from "Court of Last Opinion"

by Joseph McElroy

From Fiction Number 61 (2015).

We learned overnight and from an impeachable source that we were a person. We were entitled to the privacy any other person could claim though you must claim it. It was news – ins and outs basically one could say confirmed by two former appellate judges consultant to the Firm not just on the law but on matters as various as blood and ingredient labeling and what is called hunting – the word for extensive blinds now connected across slope, crest, and valley stream so that, with certain lucrative sensor products recalled and now released one could hunt or fish like an ancient nomad from reservoir and blind and forest for weeks and weeks of intercommunicating seasons, a justice understood, former consultant to the Firm, now elevated to the bench – crowded at the top, or perhaps it was the bottom.

The high court’s decision came down like a huge-stacked cumulonimbus naturally seeded with dry ice. We learned that we, a notorious family company (e pluribus unum), had become a person. A big person, though; not us, not you. Yet if a person, then entitled to a privacy not to be breached by just anybody. You did not and I did not have to tell where I had contributed my money, little as I have and much as you might, or who or what I was, the son of a father who had thought to make a lawyer of us y’already talk like one a word of hope depending. To say a corporation’s aim is only profit is to stand in splendid isolation from the First Amendment’s freedom to speak, it was argued in the high court. (1)

A person and it was not the first time but now it was the law and only a court’s opinion. I alone recalled my father’s words as if they recalled me a lifetime ago that only seemed to be the reverse of the court’s most recent opinion. If family a corp, then corp=family and if family=persons if not person, then corp too, any number of American corps. Which brought back someone else’s cut at me, a boy, only a year after his death. If you are half the man, it was said, that your father was, you’ll be OK. But we are not trying to be half of anyone else, I at that time failed to reply.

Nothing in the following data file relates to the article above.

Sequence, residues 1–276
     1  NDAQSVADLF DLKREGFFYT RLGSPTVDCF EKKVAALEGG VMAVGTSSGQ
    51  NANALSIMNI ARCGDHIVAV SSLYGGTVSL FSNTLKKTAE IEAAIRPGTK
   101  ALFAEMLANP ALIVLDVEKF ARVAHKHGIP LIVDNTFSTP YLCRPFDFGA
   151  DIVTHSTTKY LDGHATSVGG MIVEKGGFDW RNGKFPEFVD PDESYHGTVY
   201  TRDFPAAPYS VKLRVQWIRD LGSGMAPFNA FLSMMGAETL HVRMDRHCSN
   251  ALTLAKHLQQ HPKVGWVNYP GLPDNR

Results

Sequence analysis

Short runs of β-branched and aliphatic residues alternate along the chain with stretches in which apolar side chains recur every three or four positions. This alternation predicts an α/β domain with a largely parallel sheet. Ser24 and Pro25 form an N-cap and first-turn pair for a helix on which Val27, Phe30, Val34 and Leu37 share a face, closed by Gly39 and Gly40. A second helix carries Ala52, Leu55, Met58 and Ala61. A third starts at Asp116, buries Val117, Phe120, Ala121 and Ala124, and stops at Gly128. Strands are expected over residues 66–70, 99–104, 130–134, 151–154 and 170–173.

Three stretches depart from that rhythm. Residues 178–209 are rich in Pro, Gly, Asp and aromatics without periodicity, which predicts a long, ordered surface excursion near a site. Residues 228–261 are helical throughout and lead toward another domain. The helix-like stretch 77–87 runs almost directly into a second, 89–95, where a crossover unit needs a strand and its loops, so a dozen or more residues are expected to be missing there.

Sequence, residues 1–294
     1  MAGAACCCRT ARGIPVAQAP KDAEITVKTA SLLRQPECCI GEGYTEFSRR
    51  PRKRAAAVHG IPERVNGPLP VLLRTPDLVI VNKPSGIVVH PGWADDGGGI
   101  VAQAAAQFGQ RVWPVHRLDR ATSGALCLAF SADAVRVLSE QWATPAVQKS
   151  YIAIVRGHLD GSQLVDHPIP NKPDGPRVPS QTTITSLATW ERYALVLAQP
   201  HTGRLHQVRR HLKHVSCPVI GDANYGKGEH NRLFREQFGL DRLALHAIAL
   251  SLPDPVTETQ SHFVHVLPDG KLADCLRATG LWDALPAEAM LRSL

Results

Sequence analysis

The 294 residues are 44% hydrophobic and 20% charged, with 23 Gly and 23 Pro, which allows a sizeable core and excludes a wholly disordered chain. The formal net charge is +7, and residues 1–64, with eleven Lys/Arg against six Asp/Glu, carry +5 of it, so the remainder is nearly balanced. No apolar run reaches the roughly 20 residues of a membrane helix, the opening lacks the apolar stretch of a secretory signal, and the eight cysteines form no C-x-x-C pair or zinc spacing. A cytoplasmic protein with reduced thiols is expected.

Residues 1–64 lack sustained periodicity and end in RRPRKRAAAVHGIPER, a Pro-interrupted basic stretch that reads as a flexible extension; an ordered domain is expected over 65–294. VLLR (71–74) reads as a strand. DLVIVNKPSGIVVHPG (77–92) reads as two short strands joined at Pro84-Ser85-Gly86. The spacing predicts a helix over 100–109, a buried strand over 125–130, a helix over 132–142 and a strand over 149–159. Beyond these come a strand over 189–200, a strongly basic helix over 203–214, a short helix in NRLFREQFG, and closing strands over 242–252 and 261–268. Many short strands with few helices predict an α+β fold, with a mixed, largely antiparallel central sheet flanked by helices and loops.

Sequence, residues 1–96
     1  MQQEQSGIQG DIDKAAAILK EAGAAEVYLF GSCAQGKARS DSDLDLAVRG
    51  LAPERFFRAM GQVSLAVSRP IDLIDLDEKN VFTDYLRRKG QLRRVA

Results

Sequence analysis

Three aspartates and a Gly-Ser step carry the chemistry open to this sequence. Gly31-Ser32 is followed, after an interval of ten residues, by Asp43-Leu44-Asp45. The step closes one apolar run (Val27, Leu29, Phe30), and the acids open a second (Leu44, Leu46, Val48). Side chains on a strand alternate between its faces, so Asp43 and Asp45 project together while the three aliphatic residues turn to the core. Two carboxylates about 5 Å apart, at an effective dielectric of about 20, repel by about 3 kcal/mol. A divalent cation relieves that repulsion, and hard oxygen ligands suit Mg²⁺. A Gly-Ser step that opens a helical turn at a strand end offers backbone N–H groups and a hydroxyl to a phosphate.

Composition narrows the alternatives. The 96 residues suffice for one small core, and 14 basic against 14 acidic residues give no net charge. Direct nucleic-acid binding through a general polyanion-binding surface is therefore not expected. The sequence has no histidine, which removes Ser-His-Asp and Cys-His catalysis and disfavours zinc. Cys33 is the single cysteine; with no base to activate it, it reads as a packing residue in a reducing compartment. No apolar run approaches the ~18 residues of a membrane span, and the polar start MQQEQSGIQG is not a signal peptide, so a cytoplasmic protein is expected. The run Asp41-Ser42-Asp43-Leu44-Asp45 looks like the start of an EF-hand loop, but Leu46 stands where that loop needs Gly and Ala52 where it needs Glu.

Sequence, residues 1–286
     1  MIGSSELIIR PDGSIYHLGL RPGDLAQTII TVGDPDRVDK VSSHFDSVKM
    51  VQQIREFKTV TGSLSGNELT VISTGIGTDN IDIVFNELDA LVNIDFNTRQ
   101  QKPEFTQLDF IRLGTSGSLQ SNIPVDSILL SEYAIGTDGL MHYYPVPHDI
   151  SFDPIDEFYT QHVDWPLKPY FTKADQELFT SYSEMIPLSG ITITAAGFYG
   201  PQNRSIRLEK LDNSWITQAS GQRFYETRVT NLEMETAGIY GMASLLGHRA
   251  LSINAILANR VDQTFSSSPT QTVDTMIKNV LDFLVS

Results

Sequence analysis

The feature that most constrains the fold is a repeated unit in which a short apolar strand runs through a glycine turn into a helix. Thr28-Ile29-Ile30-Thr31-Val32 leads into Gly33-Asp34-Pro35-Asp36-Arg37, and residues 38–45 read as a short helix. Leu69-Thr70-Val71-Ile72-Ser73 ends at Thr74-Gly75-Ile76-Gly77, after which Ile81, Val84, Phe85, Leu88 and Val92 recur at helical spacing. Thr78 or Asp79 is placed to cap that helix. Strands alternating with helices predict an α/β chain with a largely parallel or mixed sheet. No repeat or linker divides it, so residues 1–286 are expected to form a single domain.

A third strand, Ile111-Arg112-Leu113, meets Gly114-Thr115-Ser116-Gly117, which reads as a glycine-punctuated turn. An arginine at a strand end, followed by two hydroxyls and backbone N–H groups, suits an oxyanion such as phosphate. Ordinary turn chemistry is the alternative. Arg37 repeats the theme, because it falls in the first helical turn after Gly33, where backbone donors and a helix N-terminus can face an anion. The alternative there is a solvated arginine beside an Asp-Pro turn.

I am too old to have a father.

...

One may be transferred, or one is always being. It is the Company, it is said. Company, Inc. Personnel in space.

Well, whose business was that? came down from a promising lower court a decision in the form of a question. Personal question did we mind if we were asked? 

Though soon indigenous cougar, red toucan, bats in the struggling rain forest have been so startled, the 2011 drought now history, watching moment by moment growth of new stands of Company personally developed trees, bark stretched, capillaries so busy one can hear them like outside plumbing, that, smart beasts, they are producing new compounds in their blood, while good news is that lipophilic alkaloids now available from Amazon poison dart frogs will change the American market. It is not always easy to grasp that the Corporation is where the brains are. Foreign workers we have given their own facilities, with high-rise interior neighborhoods and reservoirs and hanging gardens of generous side-effect vegetables a vertical concept not suggesting where you could rise to but that here like thousands of others one and one’s family found themselves occupying so compact a footprint that the City might extend commerce freely everywhere in sight where once wetland had tried to reflect the sky. 

___________________

1. References to Justice Scalia’s response to Justice Stevens’s dissent – Jan. 21, 2010.

Kakua

by Lawrence Osborne

From Fiction  58 (2012)

CASSIDY SARAH O'BRIAN was past thirty-eight and already divorced when she decided to write her thesis on the language of the Outer Citak. They were a remote people of the Maukele forests closely related to the Inner Citak and, more remotely, with the Korowai. She had studied them for some years, aware that they represented to the linguist a niche of underrepresented possibilities. They were Neolithic horticulturalists and no one knew whether they had a past imperfect tense in their language. They might be useful when it came time to post her mark on posterity.

 

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Florencia

by Luis Amate Perez

From Fiction 20.2 (2007)

SHE COULD HAVE been a boy. Her chest looked stripped of the fat and muscle that make breasts possible. Although this was the first time I'd seen her topless, I felt as though I'd seen her bones somewhere before, in the mirror over my bathroom sink after a bath—the chest of a bony nine year old boy—a reflection.

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